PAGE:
The sediments and organic calcite geochemistry (Fe2+, Mn2+, Sr, Mg, δ18O, δ13C) of the Plenus Marls at Dover (southeast England) reflect the changing oceanographic conditions associated with the development of the late Cenomanian-early Turonian S1SC excursion.
The Plenus Marls of Dover consist of five marl-chalk couplets with a total thickness of up to 3 m. The sediments were deposited in an increasingly shallowing sea during a major regressional phase of the Chalk Sea over Europe. Each marl horizon was deposited in slightly cooler water of lower productivity and higher energy level than the overlying chalk, and represents a phase of enhanced regression. Inoceramus prisms and shell fragments from the marls have enhanced Mg values, whereas all the biogenic calcite from the chalks is enriched in Fe2+. The high clay content of the Plenus Marls probably originated from the post-depositional argillization of unstable silicate detritus (possibly of volcanoclastic origin) introduced into the regressing sea by rejuvenated river systems. The δ18O values of individual planktic and benthic foraminifera species have been lightened by diagenetic reaction; however they demonstrate (1) the presence of a constant temperature gradient in the water column with warmer surface waters relative to the bottom waters, and (2) the association of a marked temperature drop with the appearance of Jefferies' cold water occidental fauna and the development of a Mn2+ anomaly (Bed 5) in the average calcite skeletons of all particle size fractions. The δ13C values of individual planktic and benthic foraminifera species show that a normal oceanic gradient existed except at two levels (Beds 3, 5), where this is reversed with heavier values shown by the benthic forms. The normal δ13C gradient steepened rapidly as the water shallowed and the δ13C excursion reached maximum values. Dysaerobic and anaerobic water conditions were completely absent and the level of oxygenation (macrofaunal diversity) increased in parallel with the shallowing and the enhanced δ13C excursion.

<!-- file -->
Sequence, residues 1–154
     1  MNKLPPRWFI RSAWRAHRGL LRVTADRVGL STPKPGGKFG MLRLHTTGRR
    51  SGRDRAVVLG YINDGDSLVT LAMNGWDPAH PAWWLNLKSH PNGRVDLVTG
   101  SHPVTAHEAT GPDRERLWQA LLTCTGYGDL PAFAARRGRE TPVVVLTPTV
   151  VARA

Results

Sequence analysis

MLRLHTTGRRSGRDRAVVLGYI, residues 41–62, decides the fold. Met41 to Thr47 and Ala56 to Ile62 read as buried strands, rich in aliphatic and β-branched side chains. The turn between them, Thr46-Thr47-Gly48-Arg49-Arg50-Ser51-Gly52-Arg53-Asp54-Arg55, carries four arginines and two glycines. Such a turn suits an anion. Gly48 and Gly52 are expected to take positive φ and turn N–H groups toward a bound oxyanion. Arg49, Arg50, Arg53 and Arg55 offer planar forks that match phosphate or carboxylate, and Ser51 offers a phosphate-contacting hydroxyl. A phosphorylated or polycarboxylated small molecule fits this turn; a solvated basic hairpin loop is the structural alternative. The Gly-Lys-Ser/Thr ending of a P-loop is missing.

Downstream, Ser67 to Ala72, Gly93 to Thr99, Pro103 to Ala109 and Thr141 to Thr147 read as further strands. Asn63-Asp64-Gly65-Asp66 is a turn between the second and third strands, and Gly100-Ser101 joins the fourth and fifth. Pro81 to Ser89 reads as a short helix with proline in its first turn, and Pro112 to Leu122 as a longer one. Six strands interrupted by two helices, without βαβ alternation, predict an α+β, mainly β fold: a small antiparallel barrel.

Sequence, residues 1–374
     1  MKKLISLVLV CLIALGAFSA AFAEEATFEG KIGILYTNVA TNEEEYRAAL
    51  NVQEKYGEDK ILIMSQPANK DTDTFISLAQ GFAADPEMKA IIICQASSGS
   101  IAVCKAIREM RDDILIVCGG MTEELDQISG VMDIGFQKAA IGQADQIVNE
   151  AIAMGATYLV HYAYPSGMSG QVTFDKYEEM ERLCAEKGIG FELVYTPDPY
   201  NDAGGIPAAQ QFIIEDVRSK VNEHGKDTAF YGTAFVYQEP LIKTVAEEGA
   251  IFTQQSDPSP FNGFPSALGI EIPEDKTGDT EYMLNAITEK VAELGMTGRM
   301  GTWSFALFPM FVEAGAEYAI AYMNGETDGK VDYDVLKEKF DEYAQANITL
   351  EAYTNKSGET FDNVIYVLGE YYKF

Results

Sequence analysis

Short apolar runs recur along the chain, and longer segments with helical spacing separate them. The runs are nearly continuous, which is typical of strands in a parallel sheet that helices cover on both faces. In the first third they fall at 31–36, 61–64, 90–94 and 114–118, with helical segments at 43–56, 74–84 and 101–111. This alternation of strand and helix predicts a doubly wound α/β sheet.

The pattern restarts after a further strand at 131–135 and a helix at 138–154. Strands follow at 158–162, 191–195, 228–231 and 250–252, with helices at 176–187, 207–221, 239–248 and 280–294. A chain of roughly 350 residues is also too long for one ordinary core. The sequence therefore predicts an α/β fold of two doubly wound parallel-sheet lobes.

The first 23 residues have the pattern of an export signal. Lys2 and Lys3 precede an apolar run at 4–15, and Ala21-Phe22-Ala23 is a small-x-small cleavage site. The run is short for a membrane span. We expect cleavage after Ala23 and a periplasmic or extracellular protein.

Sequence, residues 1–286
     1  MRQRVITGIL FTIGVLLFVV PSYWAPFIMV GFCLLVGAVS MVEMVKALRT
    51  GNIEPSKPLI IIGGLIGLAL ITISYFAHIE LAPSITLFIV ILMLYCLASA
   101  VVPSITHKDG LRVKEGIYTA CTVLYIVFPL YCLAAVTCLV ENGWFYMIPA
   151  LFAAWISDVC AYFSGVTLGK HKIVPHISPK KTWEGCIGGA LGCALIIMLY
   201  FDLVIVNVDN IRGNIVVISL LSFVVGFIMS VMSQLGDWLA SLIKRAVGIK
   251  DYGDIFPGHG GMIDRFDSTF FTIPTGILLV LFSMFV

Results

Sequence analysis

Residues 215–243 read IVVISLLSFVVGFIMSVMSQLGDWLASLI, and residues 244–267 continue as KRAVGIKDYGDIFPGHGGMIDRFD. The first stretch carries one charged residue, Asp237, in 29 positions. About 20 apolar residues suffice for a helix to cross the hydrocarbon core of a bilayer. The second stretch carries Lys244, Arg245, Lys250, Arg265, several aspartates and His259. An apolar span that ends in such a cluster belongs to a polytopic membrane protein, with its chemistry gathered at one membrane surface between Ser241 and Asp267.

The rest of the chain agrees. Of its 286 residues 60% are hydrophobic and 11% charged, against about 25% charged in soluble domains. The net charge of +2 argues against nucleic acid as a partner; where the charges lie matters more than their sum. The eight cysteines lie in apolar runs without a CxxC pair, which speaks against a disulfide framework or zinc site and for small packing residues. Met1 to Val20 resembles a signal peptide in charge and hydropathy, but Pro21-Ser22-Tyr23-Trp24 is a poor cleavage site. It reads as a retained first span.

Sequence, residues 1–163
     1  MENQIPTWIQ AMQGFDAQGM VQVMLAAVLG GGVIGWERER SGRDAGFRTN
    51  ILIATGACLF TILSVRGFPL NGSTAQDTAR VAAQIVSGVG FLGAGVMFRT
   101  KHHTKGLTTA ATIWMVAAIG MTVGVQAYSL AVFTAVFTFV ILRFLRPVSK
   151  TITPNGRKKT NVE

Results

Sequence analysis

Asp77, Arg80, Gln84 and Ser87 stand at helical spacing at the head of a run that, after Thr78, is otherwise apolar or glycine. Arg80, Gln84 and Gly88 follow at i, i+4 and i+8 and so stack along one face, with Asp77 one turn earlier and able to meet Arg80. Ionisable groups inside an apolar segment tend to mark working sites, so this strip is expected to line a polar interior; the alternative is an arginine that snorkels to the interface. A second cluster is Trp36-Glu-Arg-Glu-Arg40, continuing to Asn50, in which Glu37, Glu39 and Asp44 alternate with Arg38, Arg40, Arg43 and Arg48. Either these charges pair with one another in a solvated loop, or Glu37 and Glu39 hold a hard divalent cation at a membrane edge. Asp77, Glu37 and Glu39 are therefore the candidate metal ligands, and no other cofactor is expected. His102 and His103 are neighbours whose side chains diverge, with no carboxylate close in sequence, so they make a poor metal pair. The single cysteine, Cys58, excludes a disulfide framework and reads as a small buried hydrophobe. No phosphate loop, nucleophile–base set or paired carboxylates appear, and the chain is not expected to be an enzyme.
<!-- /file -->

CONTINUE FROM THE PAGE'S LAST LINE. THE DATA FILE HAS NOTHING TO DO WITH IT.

Comparison with the Plenus Marls section at Flixton (east Yorkshire), which shows evidence of restricted faunas and deposition under anoxic conditions (black bands rich in terrestrial organic matter), demonstrates that between these two localities there is unequivocal correlation of the δ13C excursion and the temperature drop associated with Jefferies' cold water occidental fauna. Anomalous geochemical features of the Dover Plenus Marls are explained by the redeposition of Flixton-type coccolith-rich chalk (very low Fe2+ content) and by the occasional introduction of cold northern bottom waters enriched in 13C.
The status of the Cenomanian-Turonian oceanic anoxic event and its supporting evidence is discussed and is considered to be untenable on present evidence. An alternative hypothesis based upon a glacial mechanism is put forward; this is supported by evidence of widespread regression, restricted ocean circulation, lower ocean temperatures, enhanced input of terrestrial organic matter, and the presence of dropstones.